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Despised By All The Right People

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One afternoon, in the early 1980s, my friend Mitch Easter called up. He was in Winston-Salem at his Drive In studio; I was in my house outside of Chapel Hill working on a new song.  A few years earlier, I had helped him get Drive In together and I liked recording there. We had known each other for a long time but had become close friends while he was a student at UNC.  Mitch is younger than I am and at this point, my band, Arrogance, had been signed to a major label recording contract and I had more experience with “big time” record business having recorded in studios all over the country. Sometimes he would call looking for some advice.

“Do you remember Jefferson Holt?  That guy from Greensboro that was in college with me in Chapel Hill?  Well, he brought this band up from Athens, Georgia last weekend to do some recording. Guitar, bass, drums and singer…the normal line up, but they’re really interesting. The guitar player does arpeggiated parts, the bass player does these counterpoint lines instead of typical stuff and the drummer plays more like Al Jackson, Jr. on speed than a new wave guy. The singer makes these amazing animal noises. The only problem is sorting it all out so that it sounds like a record. They’re competing for a lot of the same aural space. Any suggestions?”

The combo was R.E.M.

I always have suggestions so we talked a bit and the next time I was at Mitch’s studio, we put on their 2-inch multi-track masters and listened to some of the recordings. I remember making a few stabs at mixing “Lower Wolves” and a couple of other songs. By this time, Mitch had things well in hand, and the stuff really appealed to me. Very fresh. Original in the best way. Music that made Toto fans furious. Music that eschewed the synthesizer and drum machines so popular in the sounds of the early ‘80s. Baffling lyrical content that sang well — I mean the sound of the words worked extremely well with the melody and attack of the vocal.

Back in the days before Michael Stipe was trying to “say” anything with his words, he was very gifted at the under-appreciated art of combining vowel sounds and the expletive consonants to create poetry that sings — whether it means anything or not. And of course, meaning can be relatively subjective. Intent verses Content verses Interpretation.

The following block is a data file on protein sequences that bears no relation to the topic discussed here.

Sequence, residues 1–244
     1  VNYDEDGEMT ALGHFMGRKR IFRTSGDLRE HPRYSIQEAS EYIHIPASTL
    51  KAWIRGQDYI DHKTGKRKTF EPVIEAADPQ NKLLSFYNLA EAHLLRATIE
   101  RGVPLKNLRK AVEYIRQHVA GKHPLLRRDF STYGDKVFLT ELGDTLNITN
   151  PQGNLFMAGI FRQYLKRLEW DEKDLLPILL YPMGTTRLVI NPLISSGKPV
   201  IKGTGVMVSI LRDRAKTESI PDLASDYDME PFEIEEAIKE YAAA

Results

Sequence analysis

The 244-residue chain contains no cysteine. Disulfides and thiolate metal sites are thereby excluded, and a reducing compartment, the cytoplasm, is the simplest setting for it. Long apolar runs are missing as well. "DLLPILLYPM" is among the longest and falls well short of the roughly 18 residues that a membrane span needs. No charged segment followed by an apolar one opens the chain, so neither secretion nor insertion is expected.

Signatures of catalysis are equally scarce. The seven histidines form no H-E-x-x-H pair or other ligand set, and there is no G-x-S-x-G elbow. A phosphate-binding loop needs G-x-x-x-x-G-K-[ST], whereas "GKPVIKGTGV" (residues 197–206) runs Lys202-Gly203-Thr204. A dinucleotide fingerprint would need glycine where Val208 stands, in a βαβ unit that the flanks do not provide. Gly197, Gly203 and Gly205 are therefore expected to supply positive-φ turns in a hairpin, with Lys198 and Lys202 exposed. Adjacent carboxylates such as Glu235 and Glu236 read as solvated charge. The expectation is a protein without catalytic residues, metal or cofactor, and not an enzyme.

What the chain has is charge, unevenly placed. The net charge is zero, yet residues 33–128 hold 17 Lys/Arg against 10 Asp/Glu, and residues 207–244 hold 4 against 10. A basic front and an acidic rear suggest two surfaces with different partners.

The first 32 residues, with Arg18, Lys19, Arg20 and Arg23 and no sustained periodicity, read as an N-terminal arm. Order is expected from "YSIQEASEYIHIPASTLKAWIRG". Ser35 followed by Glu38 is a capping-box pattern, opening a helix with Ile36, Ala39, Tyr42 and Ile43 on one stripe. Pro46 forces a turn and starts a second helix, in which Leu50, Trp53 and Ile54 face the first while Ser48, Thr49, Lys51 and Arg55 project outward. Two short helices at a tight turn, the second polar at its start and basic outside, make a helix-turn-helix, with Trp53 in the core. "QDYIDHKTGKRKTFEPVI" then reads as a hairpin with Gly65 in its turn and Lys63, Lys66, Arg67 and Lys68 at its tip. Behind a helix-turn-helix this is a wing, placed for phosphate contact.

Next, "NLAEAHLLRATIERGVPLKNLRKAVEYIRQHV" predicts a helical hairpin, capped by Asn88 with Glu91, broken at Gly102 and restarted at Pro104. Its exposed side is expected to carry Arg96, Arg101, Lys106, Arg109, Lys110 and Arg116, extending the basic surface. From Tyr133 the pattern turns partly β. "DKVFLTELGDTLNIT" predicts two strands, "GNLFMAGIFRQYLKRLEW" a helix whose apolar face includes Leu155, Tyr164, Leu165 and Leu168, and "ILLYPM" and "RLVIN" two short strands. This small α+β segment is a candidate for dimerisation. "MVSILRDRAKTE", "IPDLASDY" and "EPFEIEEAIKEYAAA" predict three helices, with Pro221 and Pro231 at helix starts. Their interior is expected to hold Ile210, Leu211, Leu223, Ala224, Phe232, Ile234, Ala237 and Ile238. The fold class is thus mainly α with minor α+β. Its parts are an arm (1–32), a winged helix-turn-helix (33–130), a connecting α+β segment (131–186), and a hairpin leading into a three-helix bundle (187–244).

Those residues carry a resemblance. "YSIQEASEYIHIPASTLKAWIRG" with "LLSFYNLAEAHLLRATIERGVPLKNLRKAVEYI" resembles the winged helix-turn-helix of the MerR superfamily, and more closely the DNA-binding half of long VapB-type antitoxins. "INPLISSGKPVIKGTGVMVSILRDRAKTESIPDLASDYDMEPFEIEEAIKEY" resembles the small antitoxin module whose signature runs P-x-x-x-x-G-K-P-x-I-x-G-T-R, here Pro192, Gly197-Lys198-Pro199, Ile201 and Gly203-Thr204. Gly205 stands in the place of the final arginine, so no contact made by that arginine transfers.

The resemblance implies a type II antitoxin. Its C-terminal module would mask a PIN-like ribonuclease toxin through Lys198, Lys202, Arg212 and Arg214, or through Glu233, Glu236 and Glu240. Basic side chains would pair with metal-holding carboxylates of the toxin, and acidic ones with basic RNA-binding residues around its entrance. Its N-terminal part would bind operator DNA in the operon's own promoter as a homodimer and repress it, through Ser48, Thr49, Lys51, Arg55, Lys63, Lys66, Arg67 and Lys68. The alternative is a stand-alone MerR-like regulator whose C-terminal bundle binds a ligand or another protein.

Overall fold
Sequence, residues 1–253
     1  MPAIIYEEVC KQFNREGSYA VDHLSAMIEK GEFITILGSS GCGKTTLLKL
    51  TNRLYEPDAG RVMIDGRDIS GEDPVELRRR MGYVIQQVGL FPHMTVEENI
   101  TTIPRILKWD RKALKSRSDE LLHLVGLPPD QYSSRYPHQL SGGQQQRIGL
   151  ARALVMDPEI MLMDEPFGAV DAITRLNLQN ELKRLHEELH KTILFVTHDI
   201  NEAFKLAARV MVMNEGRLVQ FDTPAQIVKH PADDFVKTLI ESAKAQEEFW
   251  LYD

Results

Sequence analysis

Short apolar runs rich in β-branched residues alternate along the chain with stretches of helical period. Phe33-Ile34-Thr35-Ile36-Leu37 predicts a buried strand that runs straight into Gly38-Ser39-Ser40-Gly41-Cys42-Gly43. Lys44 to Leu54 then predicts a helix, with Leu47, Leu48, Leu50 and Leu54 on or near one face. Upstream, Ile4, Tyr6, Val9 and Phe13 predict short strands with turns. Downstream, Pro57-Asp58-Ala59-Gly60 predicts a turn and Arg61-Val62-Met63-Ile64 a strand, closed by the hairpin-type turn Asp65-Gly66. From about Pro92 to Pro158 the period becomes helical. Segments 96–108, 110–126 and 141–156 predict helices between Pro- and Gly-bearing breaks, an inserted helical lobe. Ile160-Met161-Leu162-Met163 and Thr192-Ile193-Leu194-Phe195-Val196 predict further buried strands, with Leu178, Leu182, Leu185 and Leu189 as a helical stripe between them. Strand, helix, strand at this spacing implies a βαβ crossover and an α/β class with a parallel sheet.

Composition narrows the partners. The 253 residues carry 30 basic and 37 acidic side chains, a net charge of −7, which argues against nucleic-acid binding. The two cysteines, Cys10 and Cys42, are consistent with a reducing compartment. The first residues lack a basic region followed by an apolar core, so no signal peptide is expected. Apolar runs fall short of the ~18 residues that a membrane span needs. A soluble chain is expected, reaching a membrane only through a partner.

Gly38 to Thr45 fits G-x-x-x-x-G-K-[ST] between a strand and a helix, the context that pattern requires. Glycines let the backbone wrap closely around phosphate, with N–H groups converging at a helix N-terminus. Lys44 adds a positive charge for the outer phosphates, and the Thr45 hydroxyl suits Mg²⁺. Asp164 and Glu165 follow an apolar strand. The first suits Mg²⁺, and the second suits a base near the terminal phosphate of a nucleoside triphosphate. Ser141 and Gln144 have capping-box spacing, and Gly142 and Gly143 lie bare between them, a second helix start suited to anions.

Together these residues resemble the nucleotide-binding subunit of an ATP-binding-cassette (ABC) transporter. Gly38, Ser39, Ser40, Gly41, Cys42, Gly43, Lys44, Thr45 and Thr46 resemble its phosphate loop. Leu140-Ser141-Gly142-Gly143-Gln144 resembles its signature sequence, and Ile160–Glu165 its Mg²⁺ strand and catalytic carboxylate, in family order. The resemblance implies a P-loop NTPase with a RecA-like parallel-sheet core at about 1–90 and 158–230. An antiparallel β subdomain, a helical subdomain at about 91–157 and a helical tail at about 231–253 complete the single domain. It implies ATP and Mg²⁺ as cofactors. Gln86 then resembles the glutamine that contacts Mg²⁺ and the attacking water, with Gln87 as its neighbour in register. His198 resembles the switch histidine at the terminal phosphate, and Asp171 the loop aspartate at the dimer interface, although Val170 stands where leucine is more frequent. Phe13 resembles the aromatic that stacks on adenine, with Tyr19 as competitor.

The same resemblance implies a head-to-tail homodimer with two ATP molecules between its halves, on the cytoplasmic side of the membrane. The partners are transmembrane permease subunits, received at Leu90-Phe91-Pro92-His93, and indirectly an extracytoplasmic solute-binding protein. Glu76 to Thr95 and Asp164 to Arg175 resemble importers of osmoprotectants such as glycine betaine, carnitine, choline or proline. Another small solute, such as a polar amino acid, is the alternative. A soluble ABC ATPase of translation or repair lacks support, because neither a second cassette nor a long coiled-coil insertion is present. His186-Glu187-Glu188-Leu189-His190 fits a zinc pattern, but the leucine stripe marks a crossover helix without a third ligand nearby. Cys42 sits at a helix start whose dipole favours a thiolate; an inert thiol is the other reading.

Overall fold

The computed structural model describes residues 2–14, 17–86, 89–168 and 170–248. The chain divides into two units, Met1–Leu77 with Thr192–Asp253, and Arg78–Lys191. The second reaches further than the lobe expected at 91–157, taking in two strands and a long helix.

Since I wasn’t directly involved in recording these songs and hadn’t yet met the band, I was able to retain an objective point-of-view regarding their development. Now don’t get me wrong, objectivity is highly over-rated. Give me a passionately subjective point-of-view any time, but this slight distance was beneficial to me when I began working with them for two reasons.

First, I was a stranger to them. The band thought of me as an old studio rat that had been in some horrid ‘70s coliseum rock outfit, not as a peer. This afforded me a kind of anonymity that allowed me to think clearly without any expectations on their part. Nothing to live up to.  Second, they didn’t realize how much experience with major label politics I already had, so it never occurred to them that I might have a secret agenda. And I did. Mitch and I both did.

            We wanted them to survive these early sessions intact.

Let me explain. A label will find an exciting new band. They wine and dine them, trying to woo them into their fold. The band, while trying to maintain some sort of dignity, eventually falls into bed with the label, and like a sophomore in high school with a steady girl, the label immediately starts looking around for something new. Or trying to turn the band they just signed into some band they heard on the radio that has a hit. Or even worse, has a video that looks cool. The second-guessing begins.

By the time Mitch and I went into Reflection Sound Studios in Charlotte to begin recording Murmur, R.E.M. already had a zealous group of fans. Almost Deadheads in their blind enthusiasm. We recognized the fact that R.E.M. was despised by all the right people and loved by just the right people: college kids and music critic geeks. This bunch was eating out of the band’s hand. Hanging on every word. Waiting for every new note. The band had a tangible audience to build on.

“Despised by all the right people,” you say. “How can being despised be a good thing?”

This is how: Where would Madonna be if she hadn’t courted controversy at every opportunity? Her enemies defined her audience for her.  R.E.M. didn’t need to find a controversy to be misunderstood and derided by the music store crowd.  They weren’t “musician’s musicians.” They were a product of the record store, the library, and the college classroom colliding with the ultimate counter-culture, nerd, dance, ambiguous sex party.

The perfect extension of The Velvet Underground and The Doors.

While we were working on Murmur at Reflection, a musician from the DC area dropped by to check out the facility.  He listened for a few minutes, and at the end of a playback he asked, “What kind of music do you call that?”

I pondered his question for a moment then replied, “Alternative.”

His answer was swift and condescending. “Alternative to what? Good?”

This is the kind of attitude held by many musicians of that time toward R.E.M.  These players had been the children of Fusion. ELP, Yes, Asia, Toto. Even King Crimson and Zappa fans had trouble understanding this band.  But guys and girls that read books got them.  Kids new to their instruments sat in their dorm rooms and played along to the quirky, brooding tracks.

Most of the best popular music is easy to play along with.  From country to rock, the art is in the creation of music that connects with a specific audience.  It’s supposed to speak to the people for whom it is intended and totally piss off everyone else.  A hit song is seldom dependant on a virtuoso performance. Being “good” in this context means having a feel, a special sound, a point of view.